July 17, 2013 | Redmond, Washington, United States
This event is by invitation only.
Bear helmet prototype built using Microsoft .NET Gadgeteer. Designed by Christina Xu.
Talk title to come
Anthony Dunne, Professor and Head of Programme
Design Interactions, Royal College of Art, London
Abstract: Design theorist Bjorn Franke has suggested that one of the main differences between science research and design research is that science focusses on existing reality while design explores realities that do not exist yet, and maybe never will. While the reasons for studying existing reality are clear, the benefits of studying non-existing realities are not always so obvious.
In my talk I will use research projects from the Design Interactions programme at the Royal College of Art to discuss the value of designing for imaginary realities and how the project outcomes can serve as ‘useful fictions’ for developing new perspectives on existing situations; as platforms for discussing preferable futures with both experts and non-experts; as catalysts for interdisciplinary imagining; and as a way of inventing new products.
Biography: “Anthony Dunne studied Industrial Design at the RCA before working at Sony Design in Tokyo. On returning to London he completed a PhD in Computer Related Design at the RCA. He was a founding member of the CRD Research Studio where he worked as a Senior Research Fellow leading industry and EU funded research projects. Anthony’s work with Fiona Raby uses design as a medium to stimulate discussion and debate amongst designers, industry and the public about the social, cultural and ethical implications of existing and emerging technologies. Dunne & Raby’s projects have been exhibited and published internationally and are in the permanent collections of MoMA, New York, and the Victoria and Albert Museum, London. Dunne & Raby have worked with Sony UK, Panasonic, France Telecom and the Science Museum. Anthony and Fiona have written several books including Design Noir and Hertzian Tales (The MIT Press). Anthony was awarded the Sir Misha Black Award for Innovation in Design Education in 2009.”
The importance of craftsmanship and cooperation for designing interactive system, product and services
Caroline Hummels, Professor in Design Theory
Industrial Design Department, Eindhoven University of Technology
Abstract: What kind of society do we want technology to support and how to design for this society? In this presentation I'm going to elucidate our answer to this question. Starting with our theoretical foundation of phenomenology, I zoom in on two concepts that are introduced by Sennett about skills to sustain in everyday life: craftsmanship and cooperation. Regarding craftsmanship, we explore the quest to make physical things well. We consider making experienceable prototypes quintessential for design. But how can designers use new technological materials in an intuitive way to evoke experiences? And what kind of frameworks, methods and tools do designers need to design for interactive/intelligent systems, products and services? Regarding cooperation, we address how diversity of expertise can bring a society into existence. What are the consequences for cooperation with the shift from a knowledge to a transformation economy? And how does this shift shape the relationship between academia, more specifically design research, and industry, more specifically Microsoft Research? I will show with examples from education and design research our quest to answer these questions.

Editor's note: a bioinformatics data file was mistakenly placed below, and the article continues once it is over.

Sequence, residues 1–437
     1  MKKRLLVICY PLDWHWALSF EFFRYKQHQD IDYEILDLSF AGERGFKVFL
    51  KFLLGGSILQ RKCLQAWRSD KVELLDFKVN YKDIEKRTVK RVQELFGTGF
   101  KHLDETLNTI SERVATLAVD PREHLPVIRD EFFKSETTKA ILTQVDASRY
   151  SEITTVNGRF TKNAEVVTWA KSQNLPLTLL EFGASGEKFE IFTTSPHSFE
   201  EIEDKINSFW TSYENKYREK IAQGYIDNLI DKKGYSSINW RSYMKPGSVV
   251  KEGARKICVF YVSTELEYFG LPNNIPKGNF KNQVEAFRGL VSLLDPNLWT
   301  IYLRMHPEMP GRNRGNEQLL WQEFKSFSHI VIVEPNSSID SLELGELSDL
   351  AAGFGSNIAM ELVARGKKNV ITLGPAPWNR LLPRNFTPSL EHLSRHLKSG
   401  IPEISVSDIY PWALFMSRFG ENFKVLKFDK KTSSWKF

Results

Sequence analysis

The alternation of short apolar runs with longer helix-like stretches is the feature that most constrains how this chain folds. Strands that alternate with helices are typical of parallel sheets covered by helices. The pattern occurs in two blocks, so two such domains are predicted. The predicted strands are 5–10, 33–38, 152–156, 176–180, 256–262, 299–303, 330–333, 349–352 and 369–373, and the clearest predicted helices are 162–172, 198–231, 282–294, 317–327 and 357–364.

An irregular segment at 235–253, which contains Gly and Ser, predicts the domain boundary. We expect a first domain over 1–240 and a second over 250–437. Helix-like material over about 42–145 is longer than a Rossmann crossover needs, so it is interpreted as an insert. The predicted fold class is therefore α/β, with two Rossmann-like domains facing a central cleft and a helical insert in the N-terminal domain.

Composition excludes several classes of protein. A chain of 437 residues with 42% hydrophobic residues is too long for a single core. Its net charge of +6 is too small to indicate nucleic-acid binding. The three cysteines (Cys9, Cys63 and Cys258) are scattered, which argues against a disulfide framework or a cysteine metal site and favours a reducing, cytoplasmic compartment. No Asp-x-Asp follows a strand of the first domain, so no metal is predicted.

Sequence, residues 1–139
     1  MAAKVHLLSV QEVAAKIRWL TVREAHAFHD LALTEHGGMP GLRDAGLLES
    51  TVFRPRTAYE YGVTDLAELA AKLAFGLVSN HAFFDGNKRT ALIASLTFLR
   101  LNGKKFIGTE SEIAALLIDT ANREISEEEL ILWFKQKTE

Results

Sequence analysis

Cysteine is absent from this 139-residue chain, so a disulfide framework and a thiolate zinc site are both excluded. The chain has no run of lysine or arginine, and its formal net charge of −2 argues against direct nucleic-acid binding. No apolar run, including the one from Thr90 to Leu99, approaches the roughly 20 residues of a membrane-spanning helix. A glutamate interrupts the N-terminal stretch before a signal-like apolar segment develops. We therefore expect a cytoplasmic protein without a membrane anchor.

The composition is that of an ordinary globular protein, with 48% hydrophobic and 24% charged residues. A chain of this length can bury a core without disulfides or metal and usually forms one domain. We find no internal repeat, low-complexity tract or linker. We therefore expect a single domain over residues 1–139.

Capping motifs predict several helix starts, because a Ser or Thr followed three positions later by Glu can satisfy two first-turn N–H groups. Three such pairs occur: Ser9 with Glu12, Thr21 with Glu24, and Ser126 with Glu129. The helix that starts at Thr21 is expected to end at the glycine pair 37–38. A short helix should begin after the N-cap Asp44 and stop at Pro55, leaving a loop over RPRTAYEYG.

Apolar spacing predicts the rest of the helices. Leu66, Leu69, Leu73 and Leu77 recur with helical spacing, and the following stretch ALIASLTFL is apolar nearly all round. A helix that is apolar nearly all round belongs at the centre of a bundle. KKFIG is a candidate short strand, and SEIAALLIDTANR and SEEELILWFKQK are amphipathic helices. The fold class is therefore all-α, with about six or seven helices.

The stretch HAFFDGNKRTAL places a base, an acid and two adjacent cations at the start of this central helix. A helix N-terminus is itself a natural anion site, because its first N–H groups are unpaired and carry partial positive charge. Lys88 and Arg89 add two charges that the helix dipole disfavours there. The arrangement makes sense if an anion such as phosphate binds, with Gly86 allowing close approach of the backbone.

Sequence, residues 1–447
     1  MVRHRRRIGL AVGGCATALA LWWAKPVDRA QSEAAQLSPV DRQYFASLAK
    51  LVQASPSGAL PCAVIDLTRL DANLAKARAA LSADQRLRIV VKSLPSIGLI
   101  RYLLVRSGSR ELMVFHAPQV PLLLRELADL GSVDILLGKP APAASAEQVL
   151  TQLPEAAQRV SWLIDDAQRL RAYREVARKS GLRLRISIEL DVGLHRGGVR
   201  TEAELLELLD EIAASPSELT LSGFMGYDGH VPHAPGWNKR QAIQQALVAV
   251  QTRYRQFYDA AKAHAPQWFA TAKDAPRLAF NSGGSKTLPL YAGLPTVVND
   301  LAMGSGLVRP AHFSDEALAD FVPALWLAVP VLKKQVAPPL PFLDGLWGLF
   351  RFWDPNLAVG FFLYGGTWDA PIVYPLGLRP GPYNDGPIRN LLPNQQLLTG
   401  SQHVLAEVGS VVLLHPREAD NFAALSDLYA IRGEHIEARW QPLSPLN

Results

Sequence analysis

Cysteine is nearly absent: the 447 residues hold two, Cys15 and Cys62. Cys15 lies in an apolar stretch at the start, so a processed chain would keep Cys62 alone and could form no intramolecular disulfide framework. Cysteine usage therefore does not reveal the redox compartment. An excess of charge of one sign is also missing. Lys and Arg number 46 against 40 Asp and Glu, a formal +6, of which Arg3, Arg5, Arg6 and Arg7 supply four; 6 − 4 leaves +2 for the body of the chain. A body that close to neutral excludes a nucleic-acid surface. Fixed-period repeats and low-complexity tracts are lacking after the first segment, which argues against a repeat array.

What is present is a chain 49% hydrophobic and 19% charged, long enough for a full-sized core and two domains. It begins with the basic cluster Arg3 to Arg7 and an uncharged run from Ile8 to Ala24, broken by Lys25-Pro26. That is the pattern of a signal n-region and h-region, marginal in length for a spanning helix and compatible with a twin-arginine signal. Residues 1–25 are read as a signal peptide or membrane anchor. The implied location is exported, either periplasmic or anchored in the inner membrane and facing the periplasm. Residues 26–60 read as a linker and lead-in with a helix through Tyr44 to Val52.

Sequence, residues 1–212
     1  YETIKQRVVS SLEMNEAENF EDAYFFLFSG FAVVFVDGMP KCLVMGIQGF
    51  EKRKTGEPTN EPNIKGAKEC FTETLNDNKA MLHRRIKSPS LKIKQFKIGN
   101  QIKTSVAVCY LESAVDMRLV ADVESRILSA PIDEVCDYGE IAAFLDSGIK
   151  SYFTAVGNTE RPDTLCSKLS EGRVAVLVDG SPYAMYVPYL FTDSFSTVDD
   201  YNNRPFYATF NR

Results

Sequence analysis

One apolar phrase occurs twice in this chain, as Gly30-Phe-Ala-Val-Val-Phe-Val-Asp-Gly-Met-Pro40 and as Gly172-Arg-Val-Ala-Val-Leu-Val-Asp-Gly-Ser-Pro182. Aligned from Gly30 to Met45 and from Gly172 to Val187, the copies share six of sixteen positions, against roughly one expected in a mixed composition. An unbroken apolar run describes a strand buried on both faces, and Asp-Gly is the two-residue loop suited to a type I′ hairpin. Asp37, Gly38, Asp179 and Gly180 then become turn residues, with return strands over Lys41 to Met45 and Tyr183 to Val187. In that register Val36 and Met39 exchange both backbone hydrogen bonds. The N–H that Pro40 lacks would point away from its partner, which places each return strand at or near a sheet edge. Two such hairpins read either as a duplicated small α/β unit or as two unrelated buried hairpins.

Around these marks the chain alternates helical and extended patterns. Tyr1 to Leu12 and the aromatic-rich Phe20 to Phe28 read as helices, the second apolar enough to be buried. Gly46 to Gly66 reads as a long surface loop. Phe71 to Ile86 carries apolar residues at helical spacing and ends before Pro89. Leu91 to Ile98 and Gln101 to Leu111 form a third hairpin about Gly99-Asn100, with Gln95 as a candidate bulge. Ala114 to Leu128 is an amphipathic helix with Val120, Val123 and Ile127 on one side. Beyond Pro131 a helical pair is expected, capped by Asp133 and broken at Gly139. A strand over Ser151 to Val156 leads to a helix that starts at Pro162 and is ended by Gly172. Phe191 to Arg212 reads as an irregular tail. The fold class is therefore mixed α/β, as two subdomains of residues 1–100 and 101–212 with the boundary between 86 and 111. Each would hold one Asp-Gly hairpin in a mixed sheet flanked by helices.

Biography: “Caroline Hummels is full professor of Design Theory at the department of Industrial Design, TU/e, as well as head of the Designing Quality in Interaction group. She studied Industrial Design Engineering at the Delft University of Technology (cum laude) and also obtained her PhD (cum laude) there. Her current activities concentrate on designing for personal, social and societal transformation, with a special focus on health and well-being. She designs for transformation based on the aesthetics of interaction with open, disruptive innovative systems within a societal context. Moreover, she is a designer-researcher with extensive experience in (interaction) design, education and research-trough design. She has developed various (research) prototypes and installations next to design methods, techniques and processes. She is a member of the steering committee of the Tangible Embedded, and Embodied Interaction Conference (TEI) as well as editorial board member of the International Journal of Design.”
Bill Buxton, Principal Researcher
Microsoft Research (Canada)
- PhD Scholarship Programme
- Faculty Summit 2013
- Microsoft Research Connections
- Microsoft Research Cambridge
- Design Expo 2012
- Richard Banks, Microsoft Research Cambridge
- Tim Regan, Microsoft Research Cambridge
- Scarlet Schwiderski-Grosche, Microsoft Research Connections
- Stewart Tansley, Microsoft Research Connections